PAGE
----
B & V Water Treatment can supply, install and maintain reverse osmosis plant and equipment. We also have a full range of reverse osmosis antiscalants and membrane cleaning chemicals available.
Removal of dissolved solids from water by reverse osmosis can produce water of similar purity to that produced by ion exchange technology, but with the advantage of not requiring the hazardous chemicals that are required to regenerate an ion exchange deioniser.
Some typical applications that benefit from this process are high pressure steam boiler feeds, high pressure hot water boilers, rinse water for printed circuit boards, rinse water for electronics manufacture, laboratory water, haemodialysis, anodising, rinse water for electroplating, rinsing of metals prior to painting, thinning of water based lubricants, paint manufacture, pharmaceuticals, battery manufacture, process water for chemicals and glass window manufacture.
In order to select the correct model for a particular application, several related factors need to be taken into consideration. The most important of these are as follows:
Reverse Osmosis Services B & V Water Treatment Provide
- Daily usage of treated water
- Quality of water required
- Quantity of water at peak flow rates
- Whether a continuous supply of water is required
- Chemical composition of the raw water to be treated
- Whether the raw water requires pre-treatment by softening and carbon filtration
- Whether a raw water tank is required
- Whether a treated water tank is necessary
- Method of distribution of the treated water to the point of use
Effective reverse osmosis (RO) cleaning usually requires some knowledge of the type of foulant and the cleaning options available. It is essential to clean membranes at an early stage of fouling. It is often difficult to clean excessively fouled membranes and irreversible damage may occur during the cleaning process. Cleaning is recommended when your RO shows evidence of fouling, just prior to a long-term shut down or as a matter of scheduled routine maintenance. As a rough guide a generally acceptable cleaning frequency is once every 3 – 12 months. If you have to clean more than once a month you should be able to justify further capital expenditure for improved RO pre-treatment, or a redesign of the RO operation. If cleaning frequency is every 1 – 3 months you may want to focus on improving the operation of your existing equipment.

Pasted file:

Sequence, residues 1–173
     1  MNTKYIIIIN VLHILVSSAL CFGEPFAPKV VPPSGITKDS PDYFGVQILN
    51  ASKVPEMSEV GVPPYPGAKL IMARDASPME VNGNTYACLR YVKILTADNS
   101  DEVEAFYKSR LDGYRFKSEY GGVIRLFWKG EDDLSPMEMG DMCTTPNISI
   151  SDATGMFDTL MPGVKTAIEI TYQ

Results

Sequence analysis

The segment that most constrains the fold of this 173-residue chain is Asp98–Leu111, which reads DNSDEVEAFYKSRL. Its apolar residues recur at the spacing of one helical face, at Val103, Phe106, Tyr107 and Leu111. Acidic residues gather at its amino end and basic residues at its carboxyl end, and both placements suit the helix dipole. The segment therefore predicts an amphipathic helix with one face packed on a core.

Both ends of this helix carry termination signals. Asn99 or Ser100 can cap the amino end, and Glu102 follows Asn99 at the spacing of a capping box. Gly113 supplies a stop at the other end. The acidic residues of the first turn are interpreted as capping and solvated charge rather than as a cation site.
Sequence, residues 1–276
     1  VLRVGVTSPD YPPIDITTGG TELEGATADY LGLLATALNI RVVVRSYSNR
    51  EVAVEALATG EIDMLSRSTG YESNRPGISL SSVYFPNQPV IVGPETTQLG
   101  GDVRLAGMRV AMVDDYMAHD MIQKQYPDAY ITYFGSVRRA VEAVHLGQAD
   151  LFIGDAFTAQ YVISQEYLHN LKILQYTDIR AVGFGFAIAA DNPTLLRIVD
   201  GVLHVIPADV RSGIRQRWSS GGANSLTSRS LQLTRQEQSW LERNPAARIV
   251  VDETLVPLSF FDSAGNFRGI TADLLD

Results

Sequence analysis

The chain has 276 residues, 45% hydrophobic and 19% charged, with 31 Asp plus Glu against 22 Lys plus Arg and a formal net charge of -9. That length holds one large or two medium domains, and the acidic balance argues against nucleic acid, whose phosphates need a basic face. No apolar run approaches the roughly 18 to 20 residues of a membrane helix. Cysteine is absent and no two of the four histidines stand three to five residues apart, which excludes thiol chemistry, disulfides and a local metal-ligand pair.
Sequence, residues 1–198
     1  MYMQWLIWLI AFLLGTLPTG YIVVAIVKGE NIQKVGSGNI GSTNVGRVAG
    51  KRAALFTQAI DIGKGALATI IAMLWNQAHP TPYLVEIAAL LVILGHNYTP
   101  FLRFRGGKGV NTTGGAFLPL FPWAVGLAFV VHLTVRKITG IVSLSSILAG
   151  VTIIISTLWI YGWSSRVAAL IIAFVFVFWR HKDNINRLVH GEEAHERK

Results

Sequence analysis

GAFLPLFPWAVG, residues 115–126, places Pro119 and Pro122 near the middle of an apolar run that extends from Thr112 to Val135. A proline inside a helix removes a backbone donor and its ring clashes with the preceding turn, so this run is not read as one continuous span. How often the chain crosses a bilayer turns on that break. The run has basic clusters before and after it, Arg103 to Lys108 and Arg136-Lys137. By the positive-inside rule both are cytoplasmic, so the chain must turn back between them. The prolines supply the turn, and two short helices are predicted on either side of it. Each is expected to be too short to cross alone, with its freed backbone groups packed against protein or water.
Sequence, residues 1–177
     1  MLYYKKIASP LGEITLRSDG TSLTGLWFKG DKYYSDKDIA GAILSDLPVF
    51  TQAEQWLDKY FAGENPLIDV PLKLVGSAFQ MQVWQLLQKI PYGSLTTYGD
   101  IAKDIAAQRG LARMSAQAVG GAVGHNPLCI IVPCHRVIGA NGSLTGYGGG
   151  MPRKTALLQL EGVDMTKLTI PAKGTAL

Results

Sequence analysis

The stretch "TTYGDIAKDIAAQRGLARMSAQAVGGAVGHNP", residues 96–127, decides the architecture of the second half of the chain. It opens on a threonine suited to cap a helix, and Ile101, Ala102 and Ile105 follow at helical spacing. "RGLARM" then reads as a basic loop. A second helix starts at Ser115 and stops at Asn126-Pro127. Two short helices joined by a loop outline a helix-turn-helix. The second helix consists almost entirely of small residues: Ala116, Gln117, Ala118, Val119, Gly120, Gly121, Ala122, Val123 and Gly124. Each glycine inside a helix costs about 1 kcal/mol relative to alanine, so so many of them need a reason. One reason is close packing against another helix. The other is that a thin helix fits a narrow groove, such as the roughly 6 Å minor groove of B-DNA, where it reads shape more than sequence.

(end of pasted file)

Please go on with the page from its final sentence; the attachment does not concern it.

The B & V Water Treatment RO product range is designed to enhance cleaning efficiency. RO cleaning frequency, due to fouling and type of fouling, will vary by site. Unfortunately what often complicates matters is that it is common for more than one foulant to be present on membranes which need cleaning. Technical aspects of the system design and operation, along with feedwater and membrane foulant analysis should be considered before designing a membrane cleaning programme. Step-by-step procedures to include pH, temperature and cleaning duration, along with product selection, sequence and concentration can be provided by your B & V representative. This document reviews basic considerations and guidelines for improving onsite membrane cleaning.
The B & V Water Treatment RO Product Range
The B & V Water Treatment RO product range consists of acid- and alkali-based cleaning chemicals, designed to remove most foulants and restore performance in all types of membrane systems. Extensive experience with combinations of these formulations has enabled B & V Water Treatment’s technical specialists to identify a range of cleaning schedules for common types of fouling. These include recommendations for cleaning RO, NF, UF and MF membrane materials in spiral wound, hollow fibre, flat sheet or tubular configurations.
It is not unusual to have to use a number of different cleaning chemicals in a specific sequence to achieve the optimum cleaning. There are times that a low pH cleaning is used, first to remove foulants like mineral scale, followed by a high pH cleaning to remove organic material. However, there are times that a high pH cleaning is used first to remove foulants like oil followed by a low pH cleaning. Some cleaning solutions have detergents added to aid in the removal of biological and organic debris, while others have a chelating agent like EDTA added to aid in the removal of colloidal material, organic and biological material and sulphate scale. An important thing to remember is that the improper selection of a cleaning chemical or the sequence of chemical introduction can make the foulant worse.
B & V Water Treatment RO Product Range Selection Guide
The products listed in Table 1 are suitable for cleaning fouled polyamide and polysulphone membranes. Membrane manufacturers’ recommendations should always be followed with respect to pH, pressure and flow rate.
B & V Water Treatment RO Product Range Summary
It is important for the operator to refer to the membrane manufacturer’s instructions before starting any cleaning procedure. All B & V Water Treatment RO range products are liquid formulations. They are produced mainly in acidic or alkaline form and are often classified as ‘hazardous’. For this reason, as with other industrial chemicals, the operator must be aware of all the safety procedures before using any of the B & V Water Treatment RO range of products. Safety data sheets are available for every product.
If you system has been fouled biologically you may want to consider the extra step of introducing a sanitising biocide chemical after a successful cleaning. Biocides can be introduced immediately after cleaning, periodically (e.g. once a week) or continuously during service. You must be sure however that the biocide is compatible with the membrane, does not create any health risks, is effective in controlling biological activity and is not cost prohibitive.
The nature and rapidity of fouling depends on a number of factors, including: